Amelia is a handsome, dull and utterly banal biography. The shallow, simple-minded script works overtime on its period lingo while skipping such trivialities as character, drama, thematic focus or historic context. Even its Depression-era setting is reduced to a car window shots of artfully composed bread lines while Amelia pines, “Why have I been so lucky?” Suffering acknowledged. Let’s move on.

Cirque du Freak: The Vampire's Assistant Reviewed by Corey Hall (Movie)
Hollywood is committed to adapting tween lit involving wizards or vampires, regardless of quality, popularity or even sanity. Based on the allegedly popular Cirque du Freak books, which no one older than 16 has ever heard of, Vampire’s Assistant serves as sort of anti-Twilight, more concerned with the pure wish-fulfillment kicks of supernatural powers than the romance of forbidden and eternal love. Aimed at young guys, the film dabbles in satire and gross-out creepiness, really wants to be an action thrill-ride, yet plays like a bad sketch in the last half hour of SNL.

Laila's Birthday Reviewed by Jeff Meyers (Movie)
Abu Laila (Mohamed Bakri) is a decent, if uptight man. A former judge, he has been forced to drive a taxi for his brother-in-law to make ends meet. While he never loses faith that one day he’ll return to his job at the Ministry of Justice, this film offers a front seat tour of Abu Laila’s day, one filled with endless frustrations and annoyances, Masharawi takes the pulse of a city struggling under occupancy and chaotic self-rule. Abu Laila, who can barely contain his outrage and exasperation, falls victim to the casual absurdities of Ramallah’s malfunctioning society, where something as simple as turning a lost cell phone into the police can result in hours of bureaucratic detention. The eccentric, tragic or hapless passengers who stumble into his cab — thwarting his attempts to buy a birthday present for his young daughter, Laila — are equally vexing. An old woman can’t decide whether to visit the cemetery or hospital first. A jovial man with a machine gun mocks Abu Laila for refusing him service. A cop pulls the cabbie over then offers to buy his cab. Life, in all its turmoil, folly, pettiness and surprising decency, imposes itself on this man who desires only order and civility.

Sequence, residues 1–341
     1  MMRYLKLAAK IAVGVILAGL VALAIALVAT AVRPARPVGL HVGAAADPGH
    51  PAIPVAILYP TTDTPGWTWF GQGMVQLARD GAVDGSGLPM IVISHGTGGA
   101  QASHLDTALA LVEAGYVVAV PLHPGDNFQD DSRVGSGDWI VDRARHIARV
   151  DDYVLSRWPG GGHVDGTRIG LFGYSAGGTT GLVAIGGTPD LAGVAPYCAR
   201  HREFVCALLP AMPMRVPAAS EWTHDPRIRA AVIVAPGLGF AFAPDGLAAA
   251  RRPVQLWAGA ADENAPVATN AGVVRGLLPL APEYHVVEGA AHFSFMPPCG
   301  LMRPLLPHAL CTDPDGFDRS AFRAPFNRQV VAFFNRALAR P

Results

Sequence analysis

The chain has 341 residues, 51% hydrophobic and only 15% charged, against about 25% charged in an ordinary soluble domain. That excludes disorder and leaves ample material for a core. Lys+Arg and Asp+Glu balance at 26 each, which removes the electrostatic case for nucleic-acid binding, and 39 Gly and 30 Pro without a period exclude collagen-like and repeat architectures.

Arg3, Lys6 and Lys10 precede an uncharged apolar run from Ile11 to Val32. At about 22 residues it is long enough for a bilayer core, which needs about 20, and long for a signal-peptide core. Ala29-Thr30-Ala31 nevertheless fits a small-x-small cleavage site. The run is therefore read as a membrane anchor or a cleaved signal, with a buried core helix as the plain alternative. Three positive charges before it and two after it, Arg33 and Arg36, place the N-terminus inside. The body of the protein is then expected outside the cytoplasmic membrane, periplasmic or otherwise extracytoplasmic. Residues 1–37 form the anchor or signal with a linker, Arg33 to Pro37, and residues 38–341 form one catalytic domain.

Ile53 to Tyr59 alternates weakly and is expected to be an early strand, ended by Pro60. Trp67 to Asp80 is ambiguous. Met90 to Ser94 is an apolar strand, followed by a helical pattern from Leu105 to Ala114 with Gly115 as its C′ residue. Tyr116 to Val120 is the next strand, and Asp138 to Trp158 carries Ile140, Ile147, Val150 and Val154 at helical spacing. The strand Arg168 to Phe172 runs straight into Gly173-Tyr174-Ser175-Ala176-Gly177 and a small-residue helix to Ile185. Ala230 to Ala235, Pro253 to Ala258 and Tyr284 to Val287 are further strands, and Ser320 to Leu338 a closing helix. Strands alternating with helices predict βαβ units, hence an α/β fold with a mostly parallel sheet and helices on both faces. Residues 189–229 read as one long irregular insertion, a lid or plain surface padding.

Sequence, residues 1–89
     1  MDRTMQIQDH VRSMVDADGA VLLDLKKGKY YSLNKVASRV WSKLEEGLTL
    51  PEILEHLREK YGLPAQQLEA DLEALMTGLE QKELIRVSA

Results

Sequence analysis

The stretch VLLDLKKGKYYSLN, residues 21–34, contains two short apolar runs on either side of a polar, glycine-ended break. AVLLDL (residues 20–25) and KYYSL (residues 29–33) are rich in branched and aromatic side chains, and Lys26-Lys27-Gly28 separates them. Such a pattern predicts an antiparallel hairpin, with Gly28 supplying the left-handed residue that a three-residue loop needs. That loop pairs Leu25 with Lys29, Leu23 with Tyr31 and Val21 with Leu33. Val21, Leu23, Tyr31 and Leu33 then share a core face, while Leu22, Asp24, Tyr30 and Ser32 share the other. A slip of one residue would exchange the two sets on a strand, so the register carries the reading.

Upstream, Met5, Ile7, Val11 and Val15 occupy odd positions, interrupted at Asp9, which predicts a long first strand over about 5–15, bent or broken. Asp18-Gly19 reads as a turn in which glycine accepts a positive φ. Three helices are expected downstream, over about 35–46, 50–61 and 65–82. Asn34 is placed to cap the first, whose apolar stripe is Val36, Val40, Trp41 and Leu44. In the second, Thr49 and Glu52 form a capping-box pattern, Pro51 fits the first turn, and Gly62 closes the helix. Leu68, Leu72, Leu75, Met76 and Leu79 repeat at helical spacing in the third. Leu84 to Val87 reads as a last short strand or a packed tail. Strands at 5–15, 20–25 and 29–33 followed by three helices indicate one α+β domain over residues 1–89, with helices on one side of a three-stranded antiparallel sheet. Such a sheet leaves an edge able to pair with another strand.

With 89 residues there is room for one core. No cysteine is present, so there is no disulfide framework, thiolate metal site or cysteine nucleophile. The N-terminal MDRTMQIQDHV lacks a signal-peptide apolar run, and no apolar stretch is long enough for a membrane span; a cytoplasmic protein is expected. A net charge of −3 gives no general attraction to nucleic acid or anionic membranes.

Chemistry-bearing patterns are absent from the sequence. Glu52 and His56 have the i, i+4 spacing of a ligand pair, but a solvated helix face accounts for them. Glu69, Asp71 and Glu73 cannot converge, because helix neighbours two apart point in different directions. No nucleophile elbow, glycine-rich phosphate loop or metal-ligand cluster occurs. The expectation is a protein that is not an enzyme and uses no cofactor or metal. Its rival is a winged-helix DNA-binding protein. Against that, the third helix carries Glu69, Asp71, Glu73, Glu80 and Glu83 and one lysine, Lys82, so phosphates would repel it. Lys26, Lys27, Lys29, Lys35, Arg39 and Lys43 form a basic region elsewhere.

Good Hair Reviewed by Jeff Meyers (Movie)
When Rock’s 4-year-old daughter Lola asks: “Daddy, why don’t I have good hair?” the comedian is both floored and intrigued. What is it about the business and culture of black hair that inspires so many women (and some men) to endure torturous treatments in order to look more “European” (i.e. white)? Good Hair is Rock’s informative, scattered and always-entertaining attempt to answer that question. Traveling the globe and combing through the billion-dollar black hair industry, the comedian examines the complex and potentially volatile topic in his typically glib fashion.


Parrot Cove Yacht Club Reviewed by Mel Small (Restaurant)
The Parrot Cove Yacht Club has huge servings of solid bar food in its raffish but homey clubhouse. The Cove Platter, at $8.50, is a steal. The substantial sampler overflows with deep-fried chunks of crisp and tender chicken fingers, comparably crisp onion rings, breaded mozzarella sticks and, least crisp of the four, somewhat soggy stuffed potato skins. These irresistible artery-cloggers come with three dipping sauces. Parrot Cove flaunts seven burger variations that can also be constructed with ground turkey. The Cove Burger ($5.50), a made-to-order patty topped with provolone cheese, sautéed mushrooms and lettuce and tomatoes, and accompanied by fries and slaw, is an attractive combination.